Joep van Lieshout's "Tampa Skull," for example, lacks traditional beauty. At least outwardly. The 25-foot blue "sculpture" resembles a conglomeration of industrial heating and cooling units fused with Dumpsters. Its exterior shape is a direct result of its yachtlike interior: a compartmentalized living space of bedroom, office, kitchenette and bath. Though painfully claustrophobic, the space is lovely in its clean, wooden simplicity. Viewers are asked to remove their shoes before entering, which magnifies the interior's Zen-like austerity. Although the relationship between inside and outside becomes clear, there's no obvious unifying relationship between the exterior and the surrounding environment -- and this is where form is more jarring than enticing. Beyer and Brookhart claim that because works like "Tampa Skull" (and Andrea Zittel's "A-Z1994 Living Unit," a habitable space even more compartmentalized and aesthetically exquisite) are customized for a specific collector or exhibition, they are more "artlike." The unfortunate implication is that art is finer if it's one-of-a-kind.
But mass production is more cost effective than unique designs, and it reduces the economic elitism inherent in most fine art. After all, how many of us could afford even one of the Against Design artworks? Besides, there is nothing wrong with mass-produced objects that are artful and beautiful. They allow more people to enjoy the aesthetic rewards of a well-designed environment. Indeed, some manufacturers -- Kohler bathroom products, for one -- consider their products works of art. And they should, for a beautifully designed toilet is surely a sight for sore eyes as well as a site for sore asses. Finally, the implication that an object must be one-of-a-kind to be fine art invalidates much printmaking and photography, and some areas of fiber and ceramic arts.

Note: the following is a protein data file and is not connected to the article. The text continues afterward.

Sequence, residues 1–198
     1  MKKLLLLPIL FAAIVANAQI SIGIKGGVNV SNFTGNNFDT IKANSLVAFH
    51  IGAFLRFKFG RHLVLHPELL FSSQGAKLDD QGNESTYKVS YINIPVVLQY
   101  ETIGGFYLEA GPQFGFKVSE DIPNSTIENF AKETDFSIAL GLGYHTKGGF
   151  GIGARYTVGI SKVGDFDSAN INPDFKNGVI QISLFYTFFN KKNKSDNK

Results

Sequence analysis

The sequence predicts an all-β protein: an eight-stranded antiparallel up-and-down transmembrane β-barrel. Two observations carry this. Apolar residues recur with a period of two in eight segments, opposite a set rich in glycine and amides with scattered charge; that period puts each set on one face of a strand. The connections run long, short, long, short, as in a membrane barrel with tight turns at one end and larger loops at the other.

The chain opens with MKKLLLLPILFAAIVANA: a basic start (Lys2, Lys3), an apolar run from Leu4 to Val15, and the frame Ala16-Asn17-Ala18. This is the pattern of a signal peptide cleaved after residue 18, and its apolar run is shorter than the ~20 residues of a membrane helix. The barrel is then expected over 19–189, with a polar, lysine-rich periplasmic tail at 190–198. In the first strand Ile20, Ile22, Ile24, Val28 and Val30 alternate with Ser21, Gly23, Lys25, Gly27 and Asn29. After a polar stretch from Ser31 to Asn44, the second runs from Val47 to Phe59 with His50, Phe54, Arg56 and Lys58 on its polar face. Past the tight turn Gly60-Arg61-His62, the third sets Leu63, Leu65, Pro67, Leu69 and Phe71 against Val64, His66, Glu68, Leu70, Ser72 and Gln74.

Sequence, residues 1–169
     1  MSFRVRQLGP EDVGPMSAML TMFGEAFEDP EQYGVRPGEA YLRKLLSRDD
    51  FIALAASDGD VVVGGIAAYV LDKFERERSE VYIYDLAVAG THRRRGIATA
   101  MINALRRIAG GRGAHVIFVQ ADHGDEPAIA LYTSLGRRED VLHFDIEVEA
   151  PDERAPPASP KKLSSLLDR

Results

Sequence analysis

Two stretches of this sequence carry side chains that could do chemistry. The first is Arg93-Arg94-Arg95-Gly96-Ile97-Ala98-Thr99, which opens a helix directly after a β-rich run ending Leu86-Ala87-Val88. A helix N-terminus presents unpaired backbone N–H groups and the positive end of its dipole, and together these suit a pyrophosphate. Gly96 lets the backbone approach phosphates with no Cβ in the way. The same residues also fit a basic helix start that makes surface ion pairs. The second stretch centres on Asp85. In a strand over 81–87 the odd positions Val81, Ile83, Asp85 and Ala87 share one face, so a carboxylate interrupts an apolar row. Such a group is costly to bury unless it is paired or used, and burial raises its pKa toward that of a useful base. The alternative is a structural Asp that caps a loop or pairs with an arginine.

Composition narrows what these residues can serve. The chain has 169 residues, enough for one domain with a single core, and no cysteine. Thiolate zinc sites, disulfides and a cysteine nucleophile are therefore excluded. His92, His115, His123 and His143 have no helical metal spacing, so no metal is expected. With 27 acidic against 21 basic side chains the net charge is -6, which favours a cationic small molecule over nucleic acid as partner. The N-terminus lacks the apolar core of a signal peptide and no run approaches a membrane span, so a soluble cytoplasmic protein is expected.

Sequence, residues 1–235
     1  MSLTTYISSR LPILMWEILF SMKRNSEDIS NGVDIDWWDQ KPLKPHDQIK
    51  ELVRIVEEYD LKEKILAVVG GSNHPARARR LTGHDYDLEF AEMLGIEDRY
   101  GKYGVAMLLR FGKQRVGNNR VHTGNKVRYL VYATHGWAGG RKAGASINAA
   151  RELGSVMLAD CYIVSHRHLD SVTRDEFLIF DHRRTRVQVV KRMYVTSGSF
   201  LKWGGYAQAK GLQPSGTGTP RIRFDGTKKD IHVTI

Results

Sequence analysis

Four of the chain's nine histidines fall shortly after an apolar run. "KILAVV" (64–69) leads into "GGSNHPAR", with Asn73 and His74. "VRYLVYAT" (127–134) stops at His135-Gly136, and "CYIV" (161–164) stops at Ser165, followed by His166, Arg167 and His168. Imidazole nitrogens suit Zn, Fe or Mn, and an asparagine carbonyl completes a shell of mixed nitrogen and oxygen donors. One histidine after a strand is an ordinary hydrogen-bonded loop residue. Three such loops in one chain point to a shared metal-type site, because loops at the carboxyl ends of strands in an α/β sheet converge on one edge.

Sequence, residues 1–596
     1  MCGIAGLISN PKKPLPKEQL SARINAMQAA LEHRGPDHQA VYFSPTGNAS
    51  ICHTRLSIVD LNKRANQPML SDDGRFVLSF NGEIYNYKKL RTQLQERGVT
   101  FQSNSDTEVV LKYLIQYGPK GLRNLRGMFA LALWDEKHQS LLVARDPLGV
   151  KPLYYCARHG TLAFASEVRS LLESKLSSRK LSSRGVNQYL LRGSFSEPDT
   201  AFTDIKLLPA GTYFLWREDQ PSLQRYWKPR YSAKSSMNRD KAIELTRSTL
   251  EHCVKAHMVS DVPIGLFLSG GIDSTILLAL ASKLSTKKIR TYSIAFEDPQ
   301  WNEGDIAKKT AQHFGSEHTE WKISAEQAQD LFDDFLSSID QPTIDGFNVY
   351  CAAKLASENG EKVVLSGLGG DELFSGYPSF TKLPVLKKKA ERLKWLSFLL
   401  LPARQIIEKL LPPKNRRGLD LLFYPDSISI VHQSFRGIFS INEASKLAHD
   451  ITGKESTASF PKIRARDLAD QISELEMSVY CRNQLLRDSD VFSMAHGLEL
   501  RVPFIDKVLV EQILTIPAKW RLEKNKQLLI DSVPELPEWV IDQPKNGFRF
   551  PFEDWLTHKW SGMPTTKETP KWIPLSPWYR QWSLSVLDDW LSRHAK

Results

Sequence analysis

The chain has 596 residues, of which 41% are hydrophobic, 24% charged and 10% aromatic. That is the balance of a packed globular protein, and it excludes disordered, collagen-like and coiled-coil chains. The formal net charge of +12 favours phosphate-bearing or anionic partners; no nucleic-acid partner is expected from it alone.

Another question the exhibition raises is whether aesthetic pleasure has value. Beyer and Brookhart actually include the phrase "useless aesthetic pleasure" in the catalog. This is disheartening, for it parrots the unenlightened view of the pedestrian masses, who are blind to the extent their lives are affected by aesthetics and feel that the fine arts are a waste of time and, most especially, money. Our puritan heritage reduces pleasure to a feeling without value -- a sinful one, at that.
Aesthetic pleasure may not be as measurable as utilitarian function, but it's certainly just as useful. Kevin Appel's two-dimensional paintings, such as "House West View Out," may use the visual language of architectural renderings, but they are handsome in their own right. Same with Clay Ketter's "Cold Kitchenette (stainless Surface composite #14)," whose shiny steel and glass surfaces, Beyer and Brookhart believe, "suggest its transformation into something else." That "something else" may be a stainless steel refrigerator or simply the idea of exquisite functionality, which we intuit and then translate as beauty. If we do not also find beautiful what is practical to us as a species, it is more likely we will be repelled by rather than attracted to what sustains us.
The individual integrity of the works in Against Design is evident in the questions they raise about our physical environment. What the exhibition most successfully offers is a way for us to rethink and re-view our homes and work spaces as our own private museums exhibiting both mass-produced and one-of-a-kind art. Case in point:
"This is art?" drawled a museumgoer upon entering the exhibition. "Well, then, I got a whole house full of it."
Yep. We all do.